What we want for our people : For our people to receive wisdom from Proverbs on relationships.

Key Bible Verse:

Let love and faithfulness never leave you; bind them around your neck, write them on the tablet of your heart. Then you will win favour and a good name in the sight of God and man.

Proverbs 3:3-4 (NIV)
Words of instruction from Solomon to his son about relationships.

Presented below are four wise principles that can benefit and build every relationship we are in.

1. Wisdom wins people. The definition of “relationship” is “a connection which brings people together”. Whether the relationship is a marriage, parenting or friendship the goal is to have a connection, a bond that binds two people together. Wisdom in relationship seeks to build the glue in a relationship. Before you bond and build a relationship you need to win the person to yourself. How do we win people?

We win people by doing the simple practical things that show respect and that the person matters – eg: smile, eye contact, listen, give compliments, remember their names.

  • We win people by intentionally doing the New Testament “one another” statements. For example:
  • Love one another (John 13:34)
  • Accept one another (Romans 15:7)
  • Encourage one another (1 Thessalonians 5:11)
  • Be at peace with one another (Mark 9:50)
  • Serve one another (Gal 5:13)
  • Don’t grumble with one another (John 6:43)
  • Be kind to one another (Eph 4:32)
  • Be devoted to one another (Rom 12:10)
  • Pray for one another (James 5:16)
  • Be hospitable to one another (1 Peter 4:9)
  • We win people by doing kind deeds(Proverbs 11:30 & 18:16)

We win people not by being incredible, but by being credible.

Ps Mark Kelsey

We don’t win people by charm and flattery but with our integrity (Proverbs 11:3).

2. Choose Wisely. Our relationships can positively or negatively influence how we live and who we are. We have a responsibility to win people however, this does not discount the need to have boundaries on who we form strong relationships with. The book of Proverbs advises on wisely choosing both our marriage partner and our friendships (Proverbs 12:26 & 13:20). It also has much to say about the beauty of true friendship (Proverbs 18:24, 27:6,9 & 17).

3. Words Build or Destroy Relationship. Relationships are built up or torn apart by the power of our words (Proverbs 12:18). Remembering that the word “proverb” means “comparison” there is no greater comparative picture than the fruit that is born from positive words and those of negative words. This Proverb highlights reckless words are destructive and painful like a wound from a sharp sword, whereas wise and loving words can bring life and healing.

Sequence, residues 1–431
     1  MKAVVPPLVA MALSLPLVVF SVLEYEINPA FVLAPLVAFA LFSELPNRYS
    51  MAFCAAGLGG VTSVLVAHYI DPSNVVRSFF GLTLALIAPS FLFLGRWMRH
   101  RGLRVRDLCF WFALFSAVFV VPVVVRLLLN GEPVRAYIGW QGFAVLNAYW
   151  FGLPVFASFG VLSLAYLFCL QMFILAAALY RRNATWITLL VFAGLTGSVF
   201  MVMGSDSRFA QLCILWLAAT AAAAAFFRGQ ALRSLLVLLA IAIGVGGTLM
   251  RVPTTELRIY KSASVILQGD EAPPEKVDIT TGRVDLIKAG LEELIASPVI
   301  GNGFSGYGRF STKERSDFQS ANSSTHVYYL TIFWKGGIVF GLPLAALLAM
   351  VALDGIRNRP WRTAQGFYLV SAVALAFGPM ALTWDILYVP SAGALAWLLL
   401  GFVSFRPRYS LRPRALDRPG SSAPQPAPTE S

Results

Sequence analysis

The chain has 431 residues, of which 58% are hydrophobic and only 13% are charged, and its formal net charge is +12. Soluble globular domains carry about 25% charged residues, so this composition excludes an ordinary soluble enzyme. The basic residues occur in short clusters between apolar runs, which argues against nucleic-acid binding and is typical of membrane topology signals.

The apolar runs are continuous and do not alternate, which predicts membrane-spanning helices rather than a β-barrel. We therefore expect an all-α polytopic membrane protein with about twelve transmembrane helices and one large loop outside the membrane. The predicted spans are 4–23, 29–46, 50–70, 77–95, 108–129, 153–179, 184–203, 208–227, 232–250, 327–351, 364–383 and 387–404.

In all our relationships and interactions in our home, work, and daily life we need to guard and harness our tongue. Proverbs has many examples of the fruit of our words:

Words that BuildWords that Break
▪ Nourishing words (10:21)
▪ Healing words (12:18)
▪ Gentle words (15:1)
▪ Soothing words (15:4)
▪ Gracious words (16:24)
▪ Kind words (12:25)
▪ Truthful words (12:19, 22)
▪ Apt words (25:11)
▪ Correcting words (25:12)
▪ Words kept in confidence (11:13)
▪ Words with restraint (10:19, 17:27-28)
▪ Lying slanderous words (10:18, 18:8)
▪ Chattering / gossipy words (10:8)
▪ Reckless words (12:18)
▪ Scorching words (16:27)
▪ Too many words (10:19)
▪ Hasty words (29:20)
▪ Flattering words (26:28)
▪ Hot-headed words (15:18)
▪ Perverse words (10:31-32)
▪ Empty / procrastinating words (14:23)
▪ Answering without listening (18:13)

4. Our Character Affects Our Relationships. Our character affects and is expressed in our relationships. Some examples of character traits that are mentioned in Proverbs are commitment, humility, integrity, self-control, faithfulness, diligence and kindness.

Anger is both a character trait and a behaviour that deeply damages relationships. “Quiet anger” is expressed as unforgiveness and bitterness, “loud anger” as rage and violence. Both are detrimental to relationships and to our own physical and emotional well-being. The important thing is to control our anger and not let it control us (Proverbs 15:1,16:32, 21:23 & 29:11).

When anger has occurred in a relationship it brings pain and trust has been broken. Apologising and forgiving are the two antidotes that repair the relationship.

A true apology is more than just acknowledgement of a mistake.

It is recognition that something you have said or done has damaged a relationship and that you care enough about the relationship to want it repaired and restored.

Norman Vincent Peale

Connect Group Discussion Questions:
(ensure that these questions centre around community)

  • Share a story of the last time you won a stranger, a new neighbour, a business colleague, or guest at church to yourself and how you did that or when someone won you over.
  • What impact has true friendship had on your life?
  • How important have the words of friends been to you?

GROW: (ensure that these questions prompt discussion on personal growth and maturity)

  • Share if you are comfortable, any problems you have faced in the past with controlling your anger and how you have changed. What helped you to change?
  • What is your next step to apply these principles? Is there someone to say sorry to? Do you need to become a better listener? Do you need to end a friendship that isn’t good for you? Just pick one thing to work on.

GO: (ensure that these questions prompt discussion on going and spreading the good news)

  • When you are trying to win someone to Christ, you need to watch your words. What are some ways we can ensure we don’t undermine the integrity of the church and our God?
  • Is there a person you are trying to win? What will be your next step according to the wisdom in Proverbs? A kind word or deed? Encouragement or listening?
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